Jordan’s Water Crisis

The Dead Sea is reportedly shrinking at a rate of three to five feet a year.  Additionally, its salt water is being replaced by freshwater, which is dissolving subterranean salt layers and creating sinkholes.  With the water level of the Dead Sea having decreased nearly 100 feet in the last three decades and the rate of loss continuing to accelerate, sinkholes have become a pressing issue.

These sinkholes, however, are just a sign of a much larger issue.  Jordan is a desert country that is nearly landlocked.  The country’s rainfall decreases yearly.  As such, Jordan’s aquifers and ground water reservoirs are being depleted quickly. Furthermore, with the onset of the coronavirus pandemic, the demand for water in Jordan has increased by 40%.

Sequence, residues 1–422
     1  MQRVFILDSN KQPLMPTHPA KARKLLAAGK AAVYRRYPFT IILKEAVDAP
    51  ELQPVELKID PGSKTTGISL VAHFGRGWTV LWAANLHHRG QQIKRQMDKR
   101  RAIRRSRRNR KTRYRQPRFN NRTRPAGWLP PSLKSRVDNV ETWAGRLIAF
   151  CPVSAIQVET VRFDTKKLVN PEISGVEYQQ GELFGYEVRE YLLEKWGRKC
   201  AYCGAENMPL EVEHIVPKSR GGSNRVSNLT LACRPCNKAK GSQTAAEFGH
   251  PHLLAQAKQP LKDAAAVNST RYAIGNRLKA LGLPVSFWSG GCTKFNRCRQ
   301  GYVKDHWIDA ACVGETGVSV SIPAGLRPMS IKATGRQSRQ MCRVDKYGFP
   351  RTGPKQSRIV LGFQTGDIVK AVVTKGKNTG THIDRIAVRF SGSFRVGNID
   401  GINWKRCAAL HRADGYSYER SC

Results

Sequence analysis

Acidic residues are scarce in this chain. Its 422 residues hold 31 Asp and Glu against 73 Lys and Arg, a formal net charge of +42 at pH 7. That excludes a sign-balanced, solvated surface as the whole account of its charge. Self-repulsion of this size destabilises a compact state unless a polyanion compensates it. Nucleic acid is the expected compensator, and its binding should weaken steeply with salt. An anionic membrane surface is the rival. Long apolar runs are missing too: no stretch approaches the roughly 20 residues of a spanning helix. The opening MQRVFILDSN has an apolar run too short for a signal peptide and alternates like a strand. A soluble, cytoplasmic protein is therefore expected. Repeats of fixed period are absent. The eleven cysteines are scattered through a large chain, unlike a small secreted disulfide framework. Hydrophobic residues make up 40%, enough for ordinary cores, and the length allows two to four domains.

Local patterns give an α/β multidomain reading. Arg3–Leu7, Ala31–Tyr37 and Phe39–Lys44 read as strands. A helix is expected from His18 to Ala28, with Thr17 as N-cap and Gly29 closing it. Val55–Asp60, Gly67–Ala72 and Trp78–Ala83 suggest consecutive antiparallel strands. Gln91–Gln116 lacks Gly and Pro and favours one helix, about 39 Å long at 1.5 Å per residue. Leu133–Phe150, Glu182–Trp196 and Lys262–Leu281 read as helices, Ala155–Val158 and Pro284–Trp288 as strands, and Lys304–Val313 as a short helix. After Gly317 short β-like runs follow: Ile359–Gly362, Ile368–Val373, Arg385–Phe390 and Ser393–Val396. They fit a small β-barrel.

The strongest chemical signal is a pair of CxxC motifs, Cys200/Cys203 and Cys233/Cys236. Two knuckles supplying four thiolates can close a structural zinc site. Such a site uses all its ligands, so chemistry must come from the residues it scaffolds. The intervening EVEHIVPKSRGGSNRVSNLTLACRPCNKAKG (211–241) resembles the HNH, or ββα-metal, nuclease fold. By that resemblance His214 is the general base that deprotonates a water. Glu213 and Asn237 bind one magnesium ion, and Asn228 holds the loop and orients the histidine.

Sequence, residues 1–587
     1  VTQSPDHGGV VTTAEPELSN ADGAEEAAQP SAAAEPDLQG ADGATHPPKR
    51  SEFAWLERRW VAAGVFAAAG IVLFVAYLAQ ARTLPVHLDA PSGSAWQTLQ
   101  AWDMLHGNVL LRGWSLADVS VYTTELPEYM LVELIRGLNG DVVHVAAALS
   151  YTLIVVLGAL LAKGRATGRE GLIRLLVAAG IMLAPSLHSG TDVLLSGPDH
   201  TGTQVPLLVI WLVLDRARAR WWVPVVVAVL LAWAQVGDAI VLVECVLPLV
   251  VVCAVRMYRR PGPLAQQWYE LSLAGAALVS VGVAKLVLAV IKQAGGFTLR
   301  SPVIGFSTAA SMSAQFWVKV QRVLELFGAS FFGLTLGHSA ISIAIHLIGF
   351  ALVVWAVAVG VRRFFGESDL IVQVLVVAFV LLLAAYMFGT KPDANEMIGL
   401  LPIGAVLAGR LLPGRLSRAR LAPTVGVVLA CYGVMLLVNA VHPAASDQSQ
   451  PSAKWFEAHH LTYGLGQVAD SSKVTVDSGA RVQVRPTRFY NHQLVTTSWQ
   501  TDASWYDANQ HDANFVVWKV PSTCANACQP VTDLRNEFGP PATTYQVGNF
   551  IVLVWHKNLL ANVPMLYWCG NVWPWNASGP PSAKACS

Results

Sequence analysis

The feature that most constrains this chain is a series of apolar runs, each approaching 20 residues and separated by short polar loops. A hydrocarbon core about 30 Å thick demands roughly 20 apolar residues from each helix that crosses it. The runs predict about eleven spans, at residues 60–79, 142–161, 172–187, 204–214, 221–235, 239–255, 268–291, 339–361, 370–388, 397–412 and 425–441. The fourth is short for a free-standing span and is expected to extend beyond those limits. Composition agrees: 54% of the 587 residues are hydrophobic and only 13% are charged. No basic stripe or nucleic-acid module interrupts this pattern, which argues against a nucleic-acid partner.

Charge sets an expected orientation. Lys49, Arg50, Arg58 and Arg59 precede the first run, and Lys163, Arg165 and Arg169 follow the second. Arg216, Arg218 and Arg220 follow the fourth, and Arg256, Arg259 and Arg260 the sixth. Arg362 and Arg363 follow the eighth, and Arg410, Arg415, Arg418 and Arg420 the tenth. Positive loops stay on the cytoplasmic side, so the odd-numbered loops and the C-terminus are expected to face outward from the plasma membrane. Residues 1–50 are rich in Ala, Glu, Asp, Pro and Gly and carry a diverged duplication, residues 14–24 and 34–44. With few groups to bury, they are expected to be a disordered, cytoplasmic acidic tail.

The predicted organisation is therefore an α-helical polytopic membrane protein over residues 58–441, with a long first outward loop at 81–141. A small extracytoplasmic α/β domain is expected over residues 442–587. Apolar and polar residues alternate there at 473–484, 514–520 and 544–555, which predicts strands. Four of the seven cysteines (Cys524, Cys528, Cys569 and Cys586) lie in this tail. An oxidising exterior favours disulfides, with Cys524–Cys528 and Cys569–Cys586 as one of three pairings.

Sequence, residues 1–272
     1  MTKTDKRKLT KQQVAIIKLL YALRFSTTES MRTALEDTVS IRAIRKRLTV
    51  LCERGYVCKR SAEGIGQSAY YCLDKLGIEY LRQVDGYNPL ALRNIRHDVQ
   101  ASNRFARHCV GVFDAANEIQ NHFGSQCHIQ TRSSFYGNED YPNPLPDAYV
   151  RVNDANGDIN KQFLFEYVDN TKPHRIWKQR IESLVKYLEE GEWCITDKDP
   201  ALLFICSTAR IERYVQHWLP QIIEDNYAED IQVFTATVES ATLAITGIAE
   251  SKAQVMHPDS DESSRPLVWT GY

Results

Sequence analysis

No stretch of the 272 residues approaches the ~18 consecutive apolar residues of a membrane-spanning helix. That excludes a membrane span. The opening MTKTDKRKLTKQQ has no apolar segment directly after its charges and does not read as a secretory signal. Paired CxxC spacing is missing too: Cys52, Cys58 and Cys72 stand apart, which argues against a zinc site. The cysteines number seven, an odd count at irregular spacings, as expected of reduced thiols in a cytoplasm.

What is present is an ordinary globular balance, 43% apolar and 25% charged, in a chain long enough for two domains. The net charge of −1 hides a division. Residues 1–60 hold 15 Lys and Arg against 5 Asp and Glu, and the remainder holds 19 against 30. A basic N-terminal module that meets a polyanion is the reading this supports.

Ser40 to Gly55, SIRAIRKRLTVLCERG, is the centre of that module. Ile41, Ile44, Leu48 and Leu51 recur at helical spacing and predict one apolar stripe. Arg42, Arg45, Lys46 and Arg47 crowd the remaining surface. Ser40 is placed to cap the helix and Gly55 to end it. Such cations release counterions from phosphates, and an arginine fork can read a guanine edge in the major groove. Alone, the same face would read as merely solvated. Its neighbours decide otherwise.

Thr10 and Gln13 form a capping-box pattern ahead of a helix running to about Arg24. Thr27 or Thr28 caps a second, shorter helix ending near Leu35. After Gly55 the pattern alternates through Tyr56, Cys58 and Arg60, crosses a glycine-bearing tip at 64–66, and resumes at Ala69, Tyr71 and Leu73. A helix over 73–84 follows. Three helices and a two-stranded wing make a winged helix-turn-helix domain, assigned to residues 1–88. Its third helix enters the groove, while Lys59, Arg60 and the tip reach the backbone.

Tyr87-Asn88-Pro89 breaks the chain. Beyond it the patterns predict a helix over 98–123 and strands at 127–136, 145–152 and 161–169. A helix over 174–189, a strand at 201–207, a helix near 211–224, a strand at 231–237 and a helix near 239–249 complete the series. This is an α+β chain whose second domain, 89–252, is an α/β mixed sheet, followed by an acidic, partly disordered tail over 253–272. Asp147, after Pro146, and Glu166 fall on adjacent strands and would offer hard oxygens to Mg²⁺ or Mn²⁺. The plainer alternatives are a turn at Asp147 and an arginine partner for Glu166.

As the summer months approach, the problem will likely only worsen.  Summers in Jordan are projected to have average daytime temperatures above 116 degrees Fahrenheit. 

Jordan’s population has boomed over the past several years.  With this increase in population, the country has been over-pumping non-renewable water reservoirs and, as a result, depleting the country’s resources.

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